Header image  
"We Entertain When It Rains"  



Web www.rainydaymagazine.com

RainyDayMagazine's content can now be licensed for your print magazine or web site. Please contact us directly here. If you want to see something reviewed, then drop us a note with a link and we'll be happy to take a look.

NOTE: Click here to read more about our approach to product reviews.

Dec 6, 2010- Rainy Day Gift Guide: Kitchen...

Finding a good gift for those who love to be in the kitchen is easy. Finding a great gift for them takes a bit more work. We love cooking and we love gear, so when we recommend something, you can be sure we think it is worth it. This year, for the RainyDayKitchen Gift Guide, we have assembled a collection we think will be perfect for cooks, food lovers, or are just useful for everyday.

The well-known Ginsu brand has moved upscale. Way upscale. Gone is the "infomercial" hard sell of cutting a can in half and then slicing tomatoes into ultra-thin slivers. Don't get us wrong, the Ginsu line still includes the EverSharp knives, but now it also includes higher quality lines of kitchen knives. The Ginsu Hanaita or "superior chef" series of knives are made from cryogenically cooled folded steel and are razor sharp. Their blades are made in the same manner as... [more]-Holiday Gift Guide: Kitchen


Nov 4,2010- Stainless Resurfacing Project...

All of the new (to us) appliances in the RainyDayKitchen have a stainless steel finish. Stainless steel is a great material because it is easy to clean, durable, and requires minimal upkeep. One major appliance which has not been upgraded is the Jenn Air refrigerator.

As there is nothing wrong with the refrigerator replacing it solely for cosmetic reasons just seemed ridiculous. The solution we came up with (to solve the dilema of having all stainless steel appliances except the fridge) was to refinish the front panels with stainless steel FXSheeting from Alsa. Yesterday we posted a write-up of the Alsa Stainless Steel FXSheeting. Today we'll show you how we used the sheets to resurface the... [more]-Stainless Resurfacing Project


Nov 3,2010- Alsa Stainless Steel FXSheeting...

Stainless steel is a great material for the kitchen. We have been slowly replacing the major appliances with items we find on Craigslist (microwave, stove, sink, etc...). Buying things on Craigslist saved us a LOT of money and doing it ourselves gave us a chance to have some hands-on fun. However, not all of the appliances in the RainyDayKitchen needed to be replaced. Sometimes all that is needed is a facelift. We had considered refinishing some of the surfaces with stainless steel paint, but before we use the paint on a project such as a large appliance, we would want to see how it looked on something smaller. Someone then suggested we consider using stainless steel film.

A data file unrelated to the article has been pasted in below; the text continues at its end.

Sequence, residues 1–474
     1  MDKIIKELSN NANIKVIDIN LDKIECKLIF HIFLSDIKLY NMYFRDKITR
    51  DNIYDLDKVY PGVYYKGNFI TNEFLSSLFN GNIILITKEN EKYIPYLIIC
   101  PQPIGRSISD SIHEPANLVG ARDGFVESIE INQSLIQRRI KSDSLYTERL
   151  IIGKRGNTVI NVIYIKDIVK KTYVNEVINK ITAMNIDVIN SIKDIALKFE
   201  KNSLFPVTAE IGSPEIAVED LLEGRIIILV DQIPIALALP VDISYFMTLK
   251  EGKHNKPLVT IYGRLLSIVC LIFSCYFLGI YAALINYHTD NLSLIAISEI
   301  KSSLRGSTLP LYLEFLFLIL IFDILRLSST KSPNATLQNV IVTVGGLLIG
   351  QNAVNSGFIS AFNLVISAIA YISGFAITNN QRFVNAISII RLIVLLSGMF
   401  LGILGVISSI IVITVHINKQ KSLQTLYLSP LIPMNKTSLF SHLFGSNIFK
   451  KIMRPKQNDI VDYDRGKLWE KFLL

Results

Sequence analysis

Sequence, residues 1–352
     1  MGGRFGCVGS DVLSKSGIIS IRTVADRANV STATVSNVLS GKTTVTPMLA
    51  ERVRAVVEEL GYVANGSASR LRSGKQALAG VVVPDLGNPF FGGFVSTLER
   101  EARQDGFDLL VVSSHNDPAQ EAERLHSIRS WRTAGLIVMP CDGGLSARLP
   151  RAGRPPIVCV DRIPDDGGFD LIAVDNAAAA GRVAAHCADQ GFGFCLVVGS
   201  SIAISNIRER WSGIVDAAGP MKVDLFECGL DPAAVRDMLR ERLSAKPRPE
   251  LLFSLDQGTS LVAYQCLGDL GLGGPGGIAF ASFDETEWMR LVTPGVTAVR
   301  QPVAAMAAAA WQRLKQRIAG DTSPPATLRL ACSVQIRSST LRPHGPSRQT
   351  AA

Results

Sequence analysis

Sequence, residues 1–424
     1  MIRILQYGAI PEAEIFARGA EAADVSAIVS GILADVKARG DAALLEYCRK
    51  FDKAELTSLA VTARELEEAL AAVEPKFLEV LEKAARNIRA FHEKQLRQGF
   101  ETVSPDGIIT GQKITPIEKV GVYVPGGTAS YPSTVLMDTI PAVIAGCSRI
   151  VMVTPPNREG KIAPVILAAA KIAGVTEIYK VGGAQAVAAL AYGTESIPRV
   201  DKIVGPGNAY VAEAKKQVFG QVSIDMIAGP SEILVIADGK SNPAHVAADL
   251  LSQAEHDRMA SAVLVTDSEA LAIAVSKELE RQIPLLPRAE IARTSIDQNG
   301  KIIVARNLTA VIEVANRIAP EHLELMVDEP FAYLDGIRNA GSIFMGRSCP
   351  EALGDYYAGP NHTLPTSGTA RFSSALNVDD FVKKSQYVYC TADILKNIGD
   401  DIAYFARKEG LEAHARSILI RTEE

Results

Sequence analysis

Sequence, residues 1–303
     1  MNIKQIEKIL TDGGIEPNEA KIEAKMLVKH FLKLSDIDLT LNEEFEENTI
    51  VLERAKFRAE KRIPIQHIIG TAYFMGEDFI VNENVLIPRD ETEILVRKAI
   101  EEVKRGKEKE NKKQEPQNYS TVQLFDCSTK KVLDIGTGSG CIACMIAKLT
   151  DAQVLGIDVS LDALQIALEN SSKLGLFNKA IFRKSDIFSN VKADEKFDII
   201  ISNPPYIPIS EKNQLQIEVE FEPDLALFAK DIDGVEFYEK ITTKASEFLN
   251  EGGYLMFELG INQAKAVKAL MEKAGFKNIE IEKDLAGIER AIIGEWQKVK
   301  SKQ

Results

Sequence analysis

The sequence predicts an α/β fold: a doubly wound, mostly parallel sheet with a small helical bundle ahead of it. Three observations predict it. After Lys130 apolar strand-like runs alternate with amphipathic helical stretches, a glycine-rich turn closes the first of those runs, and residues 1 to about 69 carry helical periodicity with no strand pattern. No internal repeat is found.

Many of the films and foils are faux finishes which only mimic the look of stainless steel. They are quite thin, and it is unlikely that those materials will stand up to the daily wear and tear of an active kitchen. After a bit of research, the interns decided that the Brushed Stainless FXSheeting from Alsa Corporation was what we needed. The FXSheeting appeared to be heads above anything else that is on the market. There is nothing "faux" about them. FXSheeting is made using real stainless steel. The difference is... [more]-Alsa Stainless FXSheeting


Nov 1,2010- The Clam Box...

Sunday was the last day The Clam Box was open for this year. One of our editors grew up in Quincy and has been going to The Clam Box since she could ride a bike. The rest of us go back year after year because we all agree that they have the best fried seafood in Boston. We KNOW they definitely have the best fried onion rings.

Anyway, The Clam Box's last day of the season was October 31st. We had been meaning to stop by all week for one last plate of fried clams and onion rings, but the chance hadn't occurred until the very last moment. Luckily for us, Sunday afternoon was a perfect day for both a walk along Wollaston Beach and for a final taste of the quintessential Summer food... [more]-The Clam Box


Oct 22,2010 - Jura Z7 FirstLook...

Jura makes some of the most advanced home espresso and cappuccino machines around. We reviewed Jura's Impressa Z5 unit back in 2006. In general, the Z5 has been a workhorse and has provided us with freshly ground coffee, espresso, and cappuccino whenever we wanted. With normal periodic cleaning and a little bit of maintenance, these machines were made to last a good long time. Our unit works smoothly and quietly even after four years of daily service. After so many years, we thought it was time to check in with Jura and see what/if any improvements have been made to the Impressa line. Jura's answer to our query was the Impressa Z7 OneTouch.

The big box from UPS showed up earlier in the week, but we got tied up with...well, many of you know what has been occupying our time lately :-) We did not unpack the box until today. Normally, we don't make a big deal with unpacking something (unless it is from Apple), but in this case we thought it warranted a special mention. We have unpacked a lot of stuff over the years and have noticed that... [more]-Jura Z7: FirstLook


Oct 11,2010 - Columbus Day Weekend...

Food and relaxation are the two most important goals of our annual Columbus Day Weekend retreat. We used to head up to Maine to Ogunquit, Wells, or Monhegan Island. However, for the past few years, the group has been driving to our friends' place in Provincetown. The trip to the Cape is much shorter than the trek up to Maine. We left Boston at 2PM, and even with the holiday traffic, were able to make it out to Provincetown in less than three hours.